Bird exposure to harmful pesticides comes in both direct and indirect forms, whether through consumption of contaminated food and/or water, absorbing pesticides through the skin or through a decline in numbers of their insect prey. Norwich-based entomologist, Ian Bedford, gives talks on how gardeners can support insects in environment-friendly ways. He says, “A common question I’m asked by gardeners at this time of year is, ‘How can we control plant pests such as aphids and vine weevils without using toxic pesticides in our gardens?’  The answer is to try using environmentally friendly products instead, that deter or block plant pests from susceptible plants instead of killing them.  And this will be important if we are going to use our gardens to help restore Britain’s rapidly declining biodiversity, since the creatures we call ‘the plant pests’ are also an essential food source for many other wildlife.  Nowadays, there are many non-toxic products that could be used as an alternative to chemicals, so I would certainly encourage Garden retailers to stock a selection of these in their stores and make a real difference in the choices gardeners make.”


  1. Ditch the pesticides! The study found that using pesticides is associated with ~12% lower house sparrow abundance. 
  2. Plant berry bushes to provide natural food and shelter, increasing garden ‘quality’.
  3. Have a water source in your garden e.g. bird bath or a pond (which encourages invertebrates).
  4. Hedges made up of different species which flower at different times of the year provide year-round food and shelter for our songbirds e.g. brambles, hazel, honeysuckle
  5. Plant flowers that encourage insect life and songbirds e.g. sunflowers, jasmine, fennel, teasel.


  • Overall, the UK breeding bird population has fallen by 19 million breeding birds since the late 1960s.
  • House sparrow populations have fallen by 70% since the 1970s, with the loss of 10.7 million pairs.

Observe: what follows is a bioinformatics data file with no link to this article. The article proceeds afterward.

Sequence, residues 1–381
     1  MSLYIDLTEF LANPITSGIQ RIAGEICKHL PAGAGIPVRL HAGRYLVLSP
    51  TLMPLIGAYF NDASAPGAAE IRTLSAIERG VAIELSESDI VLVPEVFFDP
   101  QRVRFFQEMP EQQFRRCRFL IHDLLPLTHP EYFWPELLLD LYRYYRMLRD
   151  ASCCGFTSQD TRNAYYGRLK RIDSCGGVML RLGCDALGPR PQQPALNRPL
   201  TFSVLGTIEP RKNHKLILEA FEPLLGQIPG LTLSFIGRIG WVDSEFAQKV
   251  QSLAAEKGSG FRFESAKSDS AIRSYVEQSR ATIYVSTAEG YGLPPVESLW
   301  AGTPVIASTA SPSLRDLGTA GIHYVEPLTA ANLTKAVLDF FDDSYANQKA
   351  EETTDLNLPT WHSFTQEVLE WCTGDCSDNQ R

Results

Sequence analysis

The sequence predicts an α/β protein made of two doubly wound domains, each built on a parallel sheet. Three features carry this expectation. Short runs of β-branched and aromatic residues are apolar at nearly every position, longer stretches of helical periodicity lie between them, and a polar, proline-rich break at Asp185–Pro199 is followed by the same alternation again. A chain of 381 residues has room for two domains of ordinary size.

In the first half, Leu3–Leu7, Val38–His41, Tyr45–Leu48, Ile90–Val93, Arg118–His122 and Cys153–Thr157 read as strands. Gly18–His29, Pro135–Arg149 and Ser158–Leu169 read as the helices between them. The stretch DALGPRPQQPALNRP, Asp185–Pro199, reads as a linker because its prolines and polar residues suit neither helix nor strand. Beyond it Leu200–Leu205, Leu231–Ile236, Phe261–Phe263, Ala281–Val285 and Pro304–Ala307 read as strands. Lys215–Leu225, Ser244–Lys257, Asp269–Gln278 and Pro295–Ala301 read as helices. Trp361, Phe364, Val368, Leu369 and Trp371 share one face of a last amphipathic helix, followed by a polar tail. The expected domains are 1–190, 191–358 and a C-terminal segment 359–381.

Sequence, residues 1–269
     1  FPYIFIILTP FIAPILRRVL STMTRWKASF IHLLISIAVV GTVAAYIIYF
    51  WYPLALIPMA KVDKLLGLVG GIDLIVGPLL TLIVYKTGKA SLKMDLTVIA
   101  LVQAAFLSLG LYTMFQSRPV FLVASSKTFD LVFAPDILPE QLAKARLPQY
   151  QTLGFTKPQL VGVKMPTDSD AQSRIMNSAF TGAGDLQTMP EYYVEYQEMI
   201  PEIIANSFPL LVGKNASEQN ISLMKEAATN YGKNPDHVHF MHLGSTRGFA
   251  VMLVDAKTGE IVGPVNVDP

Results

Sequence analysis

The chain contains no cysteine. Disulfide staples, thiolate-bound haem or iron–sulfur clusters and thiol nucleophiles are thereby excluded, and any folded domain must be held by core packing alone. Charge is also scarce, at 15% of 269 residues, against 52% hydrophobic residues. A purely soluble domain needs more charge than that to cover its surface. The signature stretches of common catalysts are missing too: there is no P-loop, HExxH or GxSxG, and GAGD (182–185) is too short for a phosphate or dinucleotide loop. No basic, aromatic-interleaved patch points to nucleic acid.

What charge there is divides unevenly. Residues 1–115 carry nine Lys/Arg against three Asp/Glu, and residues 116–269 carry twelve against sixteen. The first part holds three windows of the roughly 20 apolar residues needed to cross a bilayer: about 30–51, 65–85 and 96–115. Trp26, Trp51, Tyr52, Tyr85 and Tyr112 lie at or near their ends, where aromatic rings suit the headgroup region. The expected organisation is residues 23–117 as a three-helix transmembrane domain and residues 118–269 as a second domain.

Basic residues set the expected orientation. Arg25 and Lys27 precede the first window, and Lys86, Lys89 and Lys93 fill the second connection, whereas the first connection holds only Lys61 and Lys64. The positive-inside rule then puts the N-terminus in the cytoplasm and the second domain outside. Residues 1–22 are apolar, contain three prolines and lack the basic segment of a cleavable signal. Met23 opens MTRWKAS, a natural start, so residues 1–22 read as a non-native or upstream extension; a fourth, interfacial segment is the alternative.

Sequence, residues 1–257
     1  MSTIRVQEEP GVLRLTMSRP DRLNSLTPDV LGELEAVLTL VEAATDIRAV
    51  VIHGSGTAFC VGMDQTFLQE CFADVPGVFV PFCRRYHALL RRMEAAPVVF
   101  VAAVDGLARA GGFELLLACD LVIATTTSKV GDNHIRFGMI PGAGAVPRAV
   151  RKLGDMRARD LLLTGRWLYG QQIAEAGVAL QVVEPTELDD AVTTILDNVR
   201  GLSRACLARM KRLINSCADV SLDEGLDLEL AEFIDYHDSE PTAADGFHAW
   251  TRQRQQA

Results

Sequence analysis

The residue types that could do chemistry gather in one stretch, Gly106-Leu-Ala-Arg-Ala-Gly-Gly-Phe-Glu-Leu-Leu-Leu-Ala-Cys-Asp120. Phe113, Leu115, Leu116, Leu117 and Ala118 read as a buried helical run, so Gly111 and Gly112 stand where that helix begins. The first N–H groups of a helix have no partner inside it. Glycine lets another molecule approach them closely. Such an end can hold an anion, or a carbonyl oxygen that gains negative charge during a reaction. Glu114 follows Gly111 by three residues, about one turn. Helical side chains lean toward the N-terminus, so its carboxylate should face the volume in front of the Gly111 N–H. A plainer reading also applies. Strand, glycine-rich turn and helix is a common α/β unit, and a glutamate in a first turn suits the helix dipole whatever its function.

• Gardens cover an area of about 400,000 ha, bigger than all of our National Parks.
  • Pesticide Action Network’s ‘Pesticide-Free Towns’ campaign:
  • Infographic above is available here.  


  • Professor Dave Goulson, University of Sussex
  • Cannelle Tassin de Montaigu, University of Sussex 
  • Susan Morgan, CEO, SongBird Survival
  • Charlotte Bartleet-Cross, Songbird Survival
  • Ian Bedford, Entomologist and Nature-friendly Gardening Expert 


For all enquiries, including interview requests and hi-res images, please contact:-

Sussex University
Press Office: Lauren Ellis, E:  T: 07587 063573

SongBird Survival / Ian Bedford:
Hannah Kapff:  E: 

T: 020 3397 9111 or M +44 (0)7747 794306  or Sophie Wesley: T: 020 3397 9111 or M +44 (0)7880 290702 |


SongBird Survival is the only charity in the UK solely dedicated to halting the alarming decline of songbirds – birds, such as corn bunting, willow tit, tree & house sparrow. It does so by funding independent scientific studies that aim to shed light on the reasons why around 50% of our songbirds have disappeared over the past 50 years. These studies will help determine how land can be managed more sustainably, with a view to restoring a rich, balanced, thriving and resilient population of birds to keep a healthy dawn chorus alive. @SongBirdSBS | Twitter @SongBirdSBS | Insta @songbirdsurvival